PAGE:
The photographer J. J. Payne appears to have been John James Payne, the son of Sarah Ann Bannister and Joshua Payne, a plasterer from Derby. Joshua Payne (born 1855, Derby) had married Sarah Ann Bannister (born 1855, Burton-on-Trent) at Burton-on-Trent in 1876. John James Payne, the couple’s first child, was born in Derby during the 2nd Quarter of 1878. John James Payne was joined by two sisters – Emily Payne (born 1881) and Helena Payne (born 1885).
At the time of the 1901 census, twenty-three year old John James Payne was employed as a “Plasterer” and living with his parents and two sisters at 41 Holmes Street, Derby. Sometime over the next two years, John James Payne abandoned his father’s craft of plastering and turned to photography.
Early in 1903, J. J. Payne arrived in Bexhill-on-Sea and took over George Edwin Swain’s photographic studio at 69a Devonshire Road, Bexhill-on-Sea. On 28th February 1903, J. J. Payne, who described himself as an “artist and photographer”, announced in the Bexhill Observer that he would be opening his photographic studio on Monday 2nd March 1903. The studio at 69a Devonshire Road, Bexhill-on-Sea had been specially constructed in 1891 for the photographer James Ernest Stanborough (1862-1941). By 1902, the studio was in the hands of the photographer George Edwin Swain (born 1866, Luton) who sold the studio to J. J. Payne the following year.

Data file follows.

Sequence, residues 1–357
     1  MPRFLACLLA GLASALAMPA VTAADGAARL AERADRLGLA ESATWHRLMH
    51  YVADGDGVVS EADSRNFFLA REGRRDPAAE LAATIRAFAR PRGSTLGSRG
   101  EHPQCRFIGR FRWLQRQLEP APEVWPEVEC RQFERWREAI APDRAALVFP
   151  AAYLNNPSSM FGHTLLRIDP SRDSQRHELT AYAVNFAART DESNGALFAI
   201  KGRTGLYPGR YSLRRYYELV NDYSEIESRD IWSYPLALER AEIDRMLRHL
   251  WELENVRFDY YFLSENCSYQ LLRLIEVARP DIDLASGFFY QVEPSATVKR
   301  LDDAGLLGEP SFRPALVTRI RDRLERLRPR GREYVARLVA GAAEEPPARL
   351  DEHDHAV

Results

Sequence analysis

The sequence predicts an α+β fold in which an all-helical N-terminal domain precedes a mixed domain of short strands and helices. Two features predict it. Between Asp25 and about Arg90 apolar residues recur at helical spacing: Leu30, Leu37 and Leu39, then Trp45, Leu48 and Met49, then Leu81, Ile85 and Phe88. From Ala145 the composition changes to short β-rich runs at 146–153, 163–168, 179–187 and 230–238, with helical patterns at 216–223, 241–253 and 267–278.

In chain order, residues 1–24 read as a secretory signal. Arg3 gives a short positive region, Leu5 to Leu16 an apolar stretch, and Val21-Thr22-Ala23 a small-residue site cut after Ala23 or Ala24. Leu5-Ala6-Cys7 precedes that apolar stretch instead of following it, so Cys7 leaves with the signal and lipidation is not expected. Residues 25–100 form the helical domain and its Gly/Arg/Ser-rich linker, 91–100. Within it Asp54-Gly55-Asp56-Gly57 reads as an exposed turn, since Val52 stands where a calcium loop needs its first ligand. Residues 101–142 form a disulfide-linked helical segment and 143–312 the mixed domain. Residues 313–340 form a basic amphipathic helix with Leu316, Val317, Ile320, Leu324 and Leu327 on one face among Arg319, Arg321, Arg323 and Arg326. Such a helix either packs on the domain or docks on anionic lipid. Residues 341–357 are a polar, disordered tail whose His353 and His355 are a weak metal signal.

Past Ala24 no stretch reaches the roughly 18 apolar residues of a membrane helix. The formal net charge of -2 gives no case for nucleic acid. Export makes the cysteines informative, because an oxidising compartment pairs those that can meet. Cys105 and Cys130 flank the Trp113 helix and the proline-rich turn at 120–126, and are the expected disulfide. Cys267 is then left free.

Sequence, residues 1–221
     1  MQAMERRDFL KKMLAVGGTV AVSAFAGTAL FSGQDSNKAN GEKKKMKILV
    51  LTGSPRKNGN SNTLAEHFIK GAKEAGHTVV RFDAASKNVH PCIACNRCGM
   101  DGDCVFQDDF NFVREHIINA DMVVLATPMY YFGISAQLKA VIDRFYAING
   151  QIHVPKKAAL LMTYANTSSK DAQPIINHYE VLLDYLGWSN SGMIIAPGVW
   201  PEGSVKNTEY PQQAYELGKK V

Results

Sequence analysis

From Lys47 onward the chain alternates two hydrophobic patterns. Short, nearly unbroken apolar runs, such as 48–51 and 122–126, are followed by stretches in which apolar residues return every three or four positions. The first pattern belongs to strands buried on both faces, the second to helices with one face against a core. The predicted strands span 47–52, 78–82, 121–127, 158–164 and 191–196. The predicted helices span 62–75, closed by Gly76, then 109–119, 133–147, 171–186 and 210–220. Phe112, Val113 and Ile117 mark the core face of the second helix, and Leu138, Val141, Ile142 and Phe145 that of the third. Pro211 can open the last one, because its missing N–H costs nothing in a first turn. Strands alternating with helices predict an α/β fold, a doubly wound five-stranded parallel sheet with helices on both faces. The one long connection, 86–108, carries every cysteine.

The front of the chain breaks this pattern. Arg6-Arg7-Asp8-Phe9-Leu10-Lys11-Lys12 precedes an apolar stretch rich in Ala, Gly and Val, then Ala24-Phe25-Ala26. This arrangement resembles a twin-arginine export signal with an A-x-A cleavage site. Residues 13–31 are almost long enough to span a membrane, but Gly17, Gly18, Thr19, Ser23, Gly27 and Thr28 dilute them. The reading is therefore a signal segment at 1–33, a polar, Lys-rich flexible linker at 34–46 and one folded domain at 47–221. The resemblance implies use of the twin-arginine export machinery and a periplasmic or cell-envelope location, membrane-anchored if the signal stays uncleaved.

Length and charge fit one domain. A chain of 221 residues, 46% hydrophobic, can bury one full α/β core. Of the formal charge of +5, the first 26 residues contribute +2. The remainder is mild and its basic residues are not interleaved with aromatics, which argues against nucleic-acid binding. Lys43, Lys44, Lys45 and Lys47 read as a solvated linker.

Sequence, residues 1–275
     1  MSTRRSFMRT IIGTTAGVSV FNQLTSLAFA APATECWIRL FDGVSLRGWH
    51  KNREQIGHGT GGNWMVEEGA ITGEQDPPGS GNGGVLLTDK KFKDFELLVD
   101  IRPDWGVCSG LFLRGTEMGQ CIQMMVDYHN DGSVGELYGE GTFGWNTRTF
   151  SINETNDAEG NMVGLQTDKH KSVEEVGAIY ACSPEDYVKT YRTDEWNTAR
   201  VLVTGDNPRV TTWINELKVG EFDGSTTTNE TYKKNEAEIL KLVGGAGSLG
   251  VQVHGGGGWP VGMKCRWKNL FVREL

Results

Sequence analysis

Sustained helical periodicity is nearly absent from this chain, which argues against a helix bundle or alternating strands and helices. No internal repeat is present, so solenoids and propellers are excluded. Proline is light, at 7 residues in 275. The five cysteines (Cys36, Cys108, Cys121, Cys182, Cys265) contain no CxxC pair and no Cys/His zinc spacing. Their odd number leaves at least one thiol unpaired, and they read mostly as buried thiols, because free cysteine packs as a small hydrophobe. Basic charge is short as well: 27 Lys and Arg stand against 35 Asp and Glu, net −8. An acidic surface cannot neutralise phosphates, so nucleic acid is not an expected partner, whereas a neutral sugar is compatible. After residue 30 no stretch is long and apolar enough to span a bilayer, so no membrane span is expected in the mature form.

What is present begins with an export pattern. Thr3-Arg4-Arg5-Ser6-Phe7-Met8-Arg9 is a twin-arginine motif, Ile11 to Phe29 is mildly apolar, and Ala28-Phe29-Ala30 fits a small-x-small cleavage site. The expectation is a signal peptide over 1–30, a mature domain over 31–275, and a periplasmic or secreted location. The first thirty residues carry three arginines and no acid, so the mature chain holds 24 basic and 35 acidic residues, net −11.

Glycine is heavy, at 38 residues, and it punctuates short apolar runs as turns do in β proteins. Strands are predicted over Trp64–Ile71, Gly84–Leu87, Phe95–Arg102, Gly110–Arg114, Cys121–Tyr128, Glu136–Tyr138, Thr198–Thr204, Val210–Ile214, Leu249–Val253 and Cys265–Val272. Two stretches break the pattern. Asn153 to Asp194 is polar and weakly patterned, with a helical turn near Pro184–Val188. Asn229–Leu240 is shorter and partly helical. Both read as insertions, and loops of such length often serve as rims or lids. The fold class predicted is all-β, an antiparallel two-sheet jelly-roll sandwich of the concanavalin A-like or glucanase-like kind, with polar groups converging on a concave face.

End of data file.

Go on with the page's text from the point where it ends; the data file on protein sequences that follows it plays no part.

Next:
J. J. Payne was operating the photographic portrait studio at 69a Devonshire Road, Bexhill-on-Sea between 1903 and 1904.